Cyclesoles builds cycling custom insoles in under an hour. © Cyclocross Magazine
by Andrew Yee
Any experienced racer will tell you that a good bike fit is essential for optimal performance and injury prevention. And while it’s easy to tweak seat height, seat position, cleat position and handlebar position, it’s a little more complicated to make sure your feet and knees are in alignment for optimal pedaling efficiency and to minimize strain on your joints. Recently, many shoe brands have come out with options to help in this area. Specialized offers its Body Geometry insoles, which come in three different foot types and include optional wedges to angle the foot, while companies like Shimano and Lake have come out with heat-moldable uppers on the shoe. Of course, there are custom but pricey shoe options from companies like D2 and Rocket 7. And lastly, there are custom-molded insoles for your existing shoes. Cyclesoles is a new company targeting this market by making your existing shoes fit like custom models, getting you to pedal more efficiently in the process.
Scott Peterson, a Certified Orthotist and Pedorthist, founded the company after a long family history in the footbed market. His father, Bill Peterson, offered insoles for skiers, cyclists (Peterson Powerbeds) and other athletes. Cyclesoles is an in-person service that works with bike shops to do a proper fitting of the soles while you’re on the bike. Rather than relying on you to take your own measurements and send them in, as is the case with some other services, a certified fitter will watch you pedal your bike on a trainer, take measurements and then create custom footbeds on the spot that are fitted to your shoes and created to adjust your foot, ankle and knee alignment based on those measurements and observations.
The goal behind Cyclesoles and custom shoe options is to both increase biomechanical efficiency through better alignment (and hopefully reduce any associated pain) and to increase power through a more efficient foot-to-pedal connection by preventing your foot from flexing or collapsing under power.
Previously, the closest thing I’ve had before to custom shoes were two different-sized shoes when I was a Junior (I’d outgrow the left before the right), or more recently, Specialized Body Geometry insoles that I’ve moved between shoes – a flat-foot model for my left foot and a high-arch model for my right.
I had the opportunity to sample the Cyclesoles service and product at the Sea Otter Classic this year, and I was quite excited to give it a try. I’ve long wanted custom shoes and am likely an ideal candidate, as I have some of the most mis-matched feet you’ll meet on a cyclocross course. My left foot is a full size larger than my right – but my right foot has a high arch, while my left foot is nearly flat. Both are relatively narrow and especially low volume. Needless to say, finding well-fitting shoes has been a challenge, and I’ve typically bought shoes to fit my larger left foot, leaving my right foot swimming. But custom shoes can approach the prices of complete bikes, that is, out of range for this editor. Cyclesoles aren’t cheap at $199 – more than a lot of shoes – but are a fraction of the price of custom shoes.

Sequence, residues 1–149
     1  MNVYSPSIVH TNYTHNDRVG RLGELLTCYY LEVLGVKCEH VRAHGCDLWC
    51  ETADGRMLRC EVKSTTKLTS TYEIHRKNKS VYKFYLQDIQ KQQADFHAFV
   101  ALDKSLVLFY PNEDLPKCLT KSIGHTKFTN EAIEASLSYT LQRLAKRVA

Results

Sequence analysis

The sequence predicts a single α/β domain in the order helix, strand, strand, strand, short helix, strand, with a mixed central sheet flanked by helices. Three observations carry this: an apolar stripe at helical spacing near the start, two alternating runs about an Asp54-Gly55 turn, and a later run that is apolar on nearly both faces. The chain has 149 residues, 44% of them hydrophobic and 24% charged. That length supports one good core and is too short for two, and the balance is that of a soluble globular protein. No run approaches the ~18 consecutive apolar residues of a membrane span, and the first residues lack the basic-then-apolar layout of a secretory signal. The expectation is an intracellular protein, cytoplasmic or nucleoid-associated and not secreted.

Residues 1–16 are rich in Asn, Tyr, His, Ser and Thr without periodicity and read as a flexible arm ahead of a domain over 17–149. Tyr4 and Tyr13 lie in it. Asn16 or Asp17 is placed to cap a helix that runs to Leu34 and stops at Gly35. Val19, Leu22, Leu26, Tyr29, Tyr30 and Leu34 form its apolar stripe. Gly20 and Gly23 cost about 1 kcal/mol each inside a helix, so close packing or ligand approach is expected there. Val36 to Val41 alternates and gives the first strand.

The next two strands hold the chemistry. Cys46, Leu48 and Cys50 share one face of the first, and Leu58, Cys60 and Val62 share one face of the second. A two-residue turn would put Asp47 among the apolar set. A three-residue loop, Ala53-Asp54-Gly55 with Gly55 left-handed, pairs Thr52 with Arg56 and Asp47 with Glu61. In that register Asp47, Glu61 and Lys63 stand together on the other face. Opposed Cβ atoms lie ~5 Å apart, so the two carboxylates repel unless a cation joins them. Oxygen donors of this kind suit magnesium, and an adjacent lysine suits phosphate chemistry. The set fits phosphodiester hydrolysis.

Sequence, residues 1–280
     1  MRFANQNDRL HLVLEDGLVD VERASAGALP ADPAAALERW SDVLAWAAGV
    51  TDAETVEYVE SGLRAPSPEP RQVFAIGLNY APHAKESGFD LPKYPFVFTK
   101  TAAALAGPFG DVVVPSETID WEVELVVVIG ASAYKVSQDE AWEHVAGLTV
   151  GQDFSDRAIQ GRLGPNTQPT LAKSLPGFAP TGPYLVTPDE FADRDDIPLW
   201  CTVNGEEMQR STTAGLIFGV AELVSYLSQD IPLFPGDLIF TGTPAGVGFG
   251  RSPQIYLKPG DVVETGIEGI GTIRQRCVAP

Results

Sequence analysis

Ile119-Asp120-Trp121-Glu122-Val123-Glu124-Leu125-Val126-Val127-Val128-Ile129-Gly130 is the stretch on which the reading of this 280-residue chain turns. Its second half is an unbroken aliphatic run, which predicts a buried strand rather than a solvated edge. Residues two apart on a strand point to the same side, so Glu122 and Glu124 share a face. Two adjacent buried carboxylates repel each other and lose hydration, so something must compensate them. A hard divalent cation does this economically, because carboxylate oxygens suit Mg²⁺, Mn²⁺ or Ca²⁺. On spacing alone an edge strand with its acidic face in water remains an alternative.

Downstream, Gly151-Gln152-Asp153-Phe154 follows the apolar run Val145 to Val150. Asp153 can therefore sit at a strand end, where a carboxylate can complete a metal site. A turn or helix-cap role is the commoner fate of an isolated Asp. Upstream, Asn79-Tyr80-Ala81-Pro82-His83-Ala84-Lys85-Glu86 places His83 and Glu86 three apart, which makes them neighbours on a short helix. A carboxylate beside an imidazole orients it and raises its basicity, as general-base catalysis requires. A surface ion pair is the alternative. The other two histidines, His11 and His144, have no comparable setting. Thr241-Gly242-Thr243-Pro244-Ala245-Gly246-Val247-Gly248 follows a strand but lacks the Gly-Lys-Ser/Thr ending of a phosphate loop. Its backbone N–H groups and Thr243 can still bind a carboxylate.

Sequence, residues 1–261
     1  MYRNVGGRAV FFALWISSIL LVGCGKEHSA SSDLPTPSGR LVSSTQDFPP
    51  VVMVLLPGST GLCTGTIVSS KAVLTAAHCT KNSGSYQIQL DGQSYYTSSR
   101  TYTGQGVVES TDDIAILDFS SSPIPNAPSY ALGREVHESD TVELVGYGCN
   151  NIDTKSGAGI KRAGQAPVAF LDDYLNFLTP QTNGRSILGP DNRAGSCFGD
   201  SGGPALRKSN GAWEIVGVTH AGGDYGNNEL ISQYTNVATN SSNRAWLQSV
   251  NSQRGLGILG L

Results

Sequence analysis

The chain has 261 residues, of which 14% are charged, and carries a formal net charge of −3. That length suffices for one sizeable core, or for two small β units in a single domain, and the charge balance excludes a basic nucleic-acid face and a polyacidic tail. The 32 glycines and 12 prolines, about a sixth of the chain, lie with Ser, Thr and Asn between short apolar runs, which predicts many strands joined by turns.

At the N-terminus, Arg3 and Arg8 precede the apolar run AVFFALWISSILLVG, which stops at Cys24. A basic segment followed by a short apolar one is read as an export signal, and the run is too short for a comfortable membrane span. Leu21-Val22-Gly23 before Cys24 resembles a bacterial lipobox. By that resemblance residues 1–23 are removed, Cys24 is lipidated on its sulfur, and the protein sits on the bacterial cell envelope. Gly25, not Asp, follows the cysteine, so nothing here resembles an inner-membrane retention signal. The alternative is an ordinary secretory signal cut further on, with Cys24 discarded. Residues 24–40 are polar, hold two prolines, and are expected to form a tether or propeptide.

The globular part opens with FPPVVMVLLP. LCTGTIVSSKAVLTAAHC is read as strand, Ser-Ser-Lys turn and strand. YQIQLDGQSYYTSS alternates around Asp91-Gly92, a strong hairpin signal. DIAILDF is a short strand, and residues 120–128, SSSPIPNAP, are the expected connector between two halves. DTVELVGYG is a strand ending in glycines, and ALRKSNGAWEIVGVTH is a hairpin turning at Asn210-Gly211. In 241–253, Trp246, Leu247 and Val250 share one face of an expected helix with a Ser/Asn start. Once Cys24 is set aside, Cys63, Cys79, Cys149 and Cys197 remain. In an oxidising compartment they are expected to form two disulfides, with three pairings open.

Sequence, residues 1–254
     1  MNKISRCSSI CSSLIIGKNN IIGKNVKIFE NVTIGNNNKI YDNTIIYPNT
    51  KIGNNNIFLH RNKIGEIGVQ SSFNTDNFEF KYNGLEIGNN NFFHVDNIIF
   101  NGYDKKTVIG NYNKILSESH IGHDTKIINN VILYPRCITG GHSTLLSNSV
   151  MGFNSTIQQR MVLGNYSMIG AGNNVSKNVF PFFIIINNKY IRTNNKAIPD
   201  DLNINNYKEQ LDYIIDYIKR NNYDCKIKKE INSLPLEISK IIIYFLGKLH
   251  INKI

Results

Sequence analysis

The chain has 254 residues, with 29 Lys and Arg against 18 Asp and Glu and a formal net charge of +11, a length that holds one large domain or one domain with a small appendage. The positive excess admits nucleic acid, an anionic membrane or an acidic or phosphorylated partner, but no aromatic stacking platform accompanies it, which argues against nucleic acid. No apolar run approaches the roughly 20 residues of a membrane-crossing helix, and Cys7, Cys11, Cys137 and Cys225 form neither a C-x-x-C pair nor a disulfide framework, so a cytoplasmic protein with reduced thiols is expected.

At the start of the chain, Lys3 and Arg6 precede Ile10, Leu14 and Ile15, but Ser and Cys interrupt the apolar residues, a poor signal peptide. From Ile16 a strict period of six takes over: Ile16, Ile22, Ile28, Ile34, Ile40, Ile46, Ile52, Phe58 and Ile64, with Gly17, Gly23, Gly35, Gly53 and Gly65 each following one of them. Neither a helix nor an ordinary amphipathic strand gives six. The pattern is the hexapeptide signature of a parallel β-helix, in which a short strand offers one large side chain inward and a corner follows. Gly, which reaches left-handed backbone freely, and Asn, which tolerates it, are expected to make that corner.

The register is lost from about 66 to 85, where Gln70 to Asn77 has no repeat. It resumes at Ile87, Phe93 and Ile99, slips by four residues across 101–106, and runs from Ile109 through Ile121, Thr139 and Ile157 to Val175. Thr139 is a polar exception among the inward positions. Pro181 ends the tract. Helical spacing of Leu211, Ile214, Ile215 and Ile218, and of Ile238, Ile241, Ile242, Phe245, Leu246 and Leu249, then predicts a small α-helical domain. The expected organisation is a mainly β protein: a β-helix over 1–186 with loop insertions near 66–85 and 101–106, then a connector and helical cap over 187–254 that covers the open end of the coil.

Cyclesoles uses custom tools to measure knee alignment and foot position while you're on the bike. © Cyclocross Magazine
Cyclesoles founder Scott Peterson and Julie Bates, a certified Cyclesoles fitter from Roaring Mouse Cycles (a shop in San Francisco) first watched me pedal my cyclocross bike on a trainer. They monitored my knee alignment as I pedaled, measured my seat height, looked at my cleat position and even measured my leg length differences. What they found is that my knees, especially my left, rotated in during pedaling, and that my legs were slightly different in length. I knew about the leg length difference but didn’t realize my knees moved so much during the pedal stroke. For better or for worse, such analysis will likely identify issues that many riders don’t know they have.
Soon, my shoes were off, my existing insoles pulled out, and they had blank insoles softening in a toaster. Was I about to find a handful of watts of extra power or eliminate occasional knee pain? As Scott pressed the warm insole blanks into the bottom of my feet, I started to have visions of easy podiums this cyclocross season.
The most surprising part of the molding process was the shaping of the insole underneath the toes. Here Scott pressed up under my toe’s knuckles, essentially creating an area for my toes to grip when pulling back at the bottom of the pedal stroke. Interesting.
Scott Peterson grinding down the sole. © Cyclocross Magazine
After the insoles cooled and stiffened, Scott built up each insole by gluing arch supports and wedges to the bottom of it to add structural support for the contours. Lastly, he took the soles to the grinder to smooth the transitions between the components and shaped them to fit my shoes.